How to Celebrate a Puerto Rican Thanksgiving

Thanksgiving Dinner With a Latin Twist

Puerto Rican Woman Fries Tostones (Plaintains)
••• Michael Berman / Getty Images

Thanksgiving is one of the most American of holidays, and as American citizens, Puerto Ricans have adopted some of the customs and traditions of this annual celebration.

Much of the Thanksgiving holiday is celebrated in Puerto Rico in the same way as it is in the States: Most businesses are closed, family members get together, there is a ridiculous amount of food, and people go shopping on "Black Friday" the day after.

However, the biggest difference in traditional American Thanksgiving and the kind you'll find celebrated on the island is the food.Combining classic American Thanksgiving traditions with flavors from Puerto Rico's Latin American heritage, you can expect spice-enhanced favorites like turkey, ham, and even dressing at a Puerto Rican Thanksgiving meal.

Starting the Puerto Rican Thanksgiving Feast

Unlike in most of the continental United States, Puerto Rican Thanksgiving starts with serving a unique island appetizer: traditional Latin plantains, a type of large banana.

Most Puerto Rican meals start with some sort of plantain dish, but for special occasions, some Puerto Rican families will make something called guineos en escabeche, or pickled bananas. Featuring green bananas tossed with sauteed onions, green olives, olive oil, and vinegar combined with savory herbs like oregano and bay leaves, this dish is also commonly served on birthdays.

No Puerto Rican celebration is complete without tostones, another plantain-based starter common to Central America and the Caribbean that tastes completely different from guineos en escabeche. For tostones, the plantains are sliced then deep fried until crispy and golden. For extra taste, they can first be dipped in garlic water or served with a garlic dipping sauce.

The Main Course: Turkey, Mofongo, and Other Sides

Thanksgiving is all about the turkey, even in Puerto Rico, but the turkey is cooked a bit differently on the island. One method is known as pavochón, which involves roasting a turkey or large chicken that's been seasoned with garlic, oregano, and adobo (a Spanish paprika blend).

Other times, the turkey is stuffed with mofongo, a plantain dish often considered the most popular on the island. Mofongo is made with fried and mashed green plantains, mashed garlic, and crunchy pieces of fried pork rinds called chicharrón.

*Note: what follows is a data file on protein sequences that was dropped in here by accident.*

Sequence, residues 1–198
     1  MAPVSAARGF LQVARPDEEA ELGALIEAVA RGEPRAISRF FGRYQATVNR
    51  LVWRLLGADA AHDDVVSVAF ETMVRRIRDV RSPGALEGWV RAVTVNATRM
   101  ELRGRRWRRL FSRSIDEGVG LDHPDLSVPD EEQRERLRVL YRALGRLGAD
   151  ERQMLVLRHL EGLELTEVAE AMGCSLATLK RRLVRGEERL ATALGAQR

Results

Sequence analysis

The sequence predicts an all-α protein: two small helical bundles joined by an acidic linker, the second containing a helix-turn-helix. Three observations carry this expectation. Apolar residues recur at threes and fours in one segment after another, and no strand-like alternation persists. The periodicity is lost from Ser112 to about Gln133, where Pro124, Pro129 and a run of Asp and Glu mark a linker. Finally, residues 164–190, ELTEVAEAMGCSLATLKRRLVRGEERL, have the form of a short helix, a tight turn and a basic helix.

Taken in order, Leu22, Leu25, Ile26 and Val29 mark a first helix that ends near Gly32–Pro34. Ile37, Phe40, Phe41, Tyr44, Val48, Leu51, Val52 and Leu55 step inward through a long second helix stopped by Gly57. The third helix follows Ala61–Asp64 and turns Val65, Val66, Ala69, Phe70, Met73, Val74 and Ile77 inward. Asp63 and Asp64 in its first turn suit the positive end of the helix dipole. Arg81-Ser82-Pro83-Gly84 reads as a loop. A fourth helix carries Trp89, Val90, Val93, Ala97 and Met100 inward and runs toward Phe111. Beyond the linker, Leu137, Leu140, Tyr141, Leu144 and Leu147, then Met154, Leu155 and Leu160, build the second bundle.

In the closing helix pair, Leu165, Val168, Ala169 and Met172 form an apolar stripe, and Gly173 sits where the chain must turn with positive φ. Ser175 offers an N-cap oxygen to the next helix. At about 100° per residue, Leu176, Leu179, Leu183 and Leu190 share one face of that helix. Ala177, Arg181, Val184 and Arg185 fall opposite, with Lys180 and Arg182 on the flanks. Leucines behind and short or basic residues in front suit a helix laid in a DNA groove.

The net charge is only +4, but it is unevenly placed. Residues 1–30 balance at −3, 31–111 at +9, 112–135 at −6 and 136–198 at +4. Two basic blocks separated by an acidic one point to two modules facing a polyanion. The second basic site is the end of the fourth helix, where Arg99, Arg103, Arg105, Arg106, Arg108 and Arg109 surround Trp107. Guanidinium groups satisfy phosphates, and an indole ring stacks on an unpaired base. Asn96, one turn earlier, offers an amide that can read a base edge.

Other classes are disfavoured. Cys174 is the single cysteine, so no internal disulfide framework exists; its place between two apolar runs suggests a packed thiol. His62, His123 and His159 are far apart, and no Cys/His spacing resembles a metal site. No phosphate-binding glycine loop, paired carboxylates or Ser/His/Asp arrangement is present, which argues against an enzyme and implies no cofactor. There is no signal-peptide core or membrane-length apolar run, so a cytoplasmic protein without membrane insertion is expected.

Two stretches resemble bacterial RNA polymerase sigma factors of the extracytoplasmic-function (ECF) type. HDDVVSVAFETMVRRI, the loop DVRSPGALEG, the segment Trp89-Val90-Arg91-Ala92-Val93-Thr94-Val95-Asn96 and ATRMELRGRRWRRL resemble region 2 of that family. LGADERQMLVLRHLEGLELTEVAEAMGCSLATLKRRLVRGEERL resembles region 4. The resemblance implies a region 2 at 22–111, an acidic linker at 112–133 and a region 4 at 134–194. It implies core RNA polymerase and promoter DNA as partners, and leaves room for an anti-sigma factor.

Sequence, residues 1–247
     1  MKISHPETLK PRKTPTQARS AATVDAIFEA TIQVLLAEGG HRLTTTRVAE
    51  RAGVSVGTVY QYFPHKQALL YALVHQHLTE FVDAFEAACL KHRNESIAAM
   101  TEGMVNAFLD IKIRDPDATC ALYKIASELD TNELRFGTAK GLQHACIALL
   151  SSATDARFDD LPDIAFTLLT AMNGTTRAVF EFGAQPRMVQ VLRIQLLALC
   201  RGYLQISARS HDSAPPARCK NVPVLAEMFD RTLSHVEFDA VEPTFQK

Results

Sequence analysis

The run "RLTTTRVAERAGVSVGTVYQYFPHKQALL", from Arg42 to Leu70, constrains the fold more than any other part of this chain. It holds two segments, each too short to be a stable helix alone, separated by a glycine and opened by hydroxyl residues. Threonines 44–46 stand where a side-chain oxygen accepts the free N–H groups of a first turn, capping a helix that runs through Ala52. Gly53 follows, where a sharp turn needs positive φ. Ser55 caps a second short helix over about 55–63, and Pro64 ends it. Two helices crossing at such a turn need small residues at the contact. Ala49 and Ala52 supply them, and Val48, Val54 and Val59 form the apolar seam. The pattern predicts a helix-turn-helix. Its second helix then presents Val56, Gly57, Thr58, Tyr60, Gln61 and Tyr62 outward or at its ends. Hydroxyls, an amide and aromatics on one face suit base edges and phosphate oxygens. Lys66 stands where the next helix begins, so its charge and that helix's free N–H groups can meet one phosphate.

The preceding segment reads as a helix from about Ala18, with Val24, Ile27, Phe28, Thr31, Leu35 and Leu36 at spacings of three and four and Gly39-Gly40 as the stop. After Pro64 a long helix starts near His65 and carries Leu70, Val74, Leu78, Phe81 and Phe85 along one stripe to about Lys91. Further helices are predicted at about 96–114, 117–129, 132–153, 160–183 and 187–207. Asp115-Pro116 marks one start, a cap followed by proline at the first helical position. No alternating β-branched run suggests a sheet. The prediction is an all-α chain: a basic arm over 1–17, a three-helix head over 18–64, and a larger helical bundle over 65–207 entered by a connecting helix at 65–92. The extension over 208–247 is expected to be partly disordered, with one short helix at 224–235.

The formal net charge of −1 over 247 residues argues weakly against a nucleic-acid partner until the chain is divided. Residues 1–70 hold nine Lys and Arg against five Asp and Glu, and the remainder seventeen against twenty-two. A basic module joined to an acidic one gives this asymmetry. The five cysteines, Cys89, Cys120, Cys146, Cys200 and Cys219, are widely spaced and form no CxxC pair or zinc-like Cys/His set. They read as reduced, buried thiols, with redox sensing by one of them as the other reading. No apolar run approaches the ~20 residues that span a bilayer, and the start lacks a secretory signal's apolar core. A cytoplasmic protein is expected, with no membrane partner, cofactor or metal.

As with American Thanksgiving, the Puerto Rican meal is complete with a variety of special sides, including mofongo turkey stuffing, morcilla (blood sausage), and arroz con andules (rice with pigeon peas), the Puerto Rican version of rice and beans. Other side dishes include alcapurrias (fritters), coquito, and Puerto Rican style potato salad.

Dessert and the Aftermath of the Feast

Instead of the traditional American pumpkin pie, Puerto Ricans typically finish off their Thanksgiving meal with tembleque, a cinnamon-coated coconut custard. Another favorite is the custard-like dulce de leche made from caramelized milk, which is sometimes seasoned with pumpkin spices to add a traditional American touch to the dish.

Puerto Ricans like to relax after a heavy feast, and you'll find many residents of the island at the beach in the early afternoon soaking up the sun. Families typically stay together throughout much of the evening, often going to Black Friday sales together the following morning. Many families also take the opportunity to start decorating for Christmas by putting up and lighting their trees while everyone's gathered around for the holiday.

That's because Thanksgiving officially kicks off the Christmas season in Puerto Rico, a wonderful time of the year on the island. If you're visiting Puerto Rico in late November and early December, you can expect to see lights popping up in shops and homes as well as a variety of special holiday events happening throughout the month.